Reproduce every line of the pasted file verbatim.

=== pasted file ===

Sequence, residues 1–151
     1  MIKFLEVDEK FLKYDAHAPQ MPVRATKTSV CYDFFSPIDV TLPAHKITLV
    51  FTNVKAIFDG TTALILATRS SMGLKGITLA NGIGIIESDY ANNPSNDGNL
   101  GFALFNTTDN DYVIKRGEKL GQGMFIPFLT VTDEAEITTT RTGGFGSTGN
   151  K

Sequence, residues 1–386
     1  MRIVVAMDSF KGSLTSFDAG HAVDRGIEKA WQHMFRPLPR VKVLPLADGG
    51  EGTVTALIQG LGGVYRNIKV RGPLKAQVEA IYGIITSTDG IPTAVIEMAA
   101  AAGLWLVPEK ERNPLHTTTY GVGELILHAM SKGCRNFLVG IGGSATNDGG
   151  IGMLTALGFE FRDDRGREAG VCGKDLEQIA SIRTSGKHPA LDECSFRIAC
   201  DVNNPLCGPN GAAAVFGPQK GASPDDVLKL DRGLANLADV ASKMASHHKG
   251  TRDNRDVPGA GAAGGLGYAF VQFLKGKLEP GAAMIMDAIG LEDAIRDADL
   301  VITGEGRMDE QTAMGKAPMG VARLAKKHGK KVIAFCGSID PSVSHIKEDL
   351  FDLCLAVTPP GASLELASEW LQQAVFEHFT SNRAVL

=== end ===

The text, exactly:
Sequence, residues 1–151
     1  MIKFLEVDEK FLKYDAHAPQ MPVRATKTSV CYDFFSPIDV TLPAHKITLV
    51  FTNVKAIFDG TTALILATRS SMGLKGITLA NGIGIIESDY ANNPSNDGNL
   101  GFALFNTTDN DYVIKRGEKL GQGMFIPFLT VTDEAEITTT RTGGFGSTGN
   151  K

Sequence, residues 1–386
     1  MRIVVAMDSF KGSLTSFDAG HAVDRGIEKA WQHMFRPLPR VKVLPLADGG
    51  EGTVTALIQG LGGVYRNIKV RGPLKAQVEA IYGIITSTDG IPTAVIEMAA
   101  AAGLWLVPEK ERNPLHTTTY GVGELILHAM SKGCRNFLVG IGGSATNDGG
   151  IGMLTALGFE FRDDRGREAG VCGKDLEQIA SIRTSGKHPA LDECSFRIAC
   201  DVNNPLCGPN GAAAVFGPQK GASPDDVLKL DRGLANLADV ASKMASHHKG
   251  TRDNRDVPGA GAAGGLGYAF VQFLKGKLEP GAAMIMDAIG LEDAIRDADL
   301  VITGEGRMDE QTAMGKAPMG VARLAKKHGK KVIAFCGSID PSVSHIKEDL
   351  FDLCLAVTPP GASLELASEW LQQAVFEHFT SNRAVL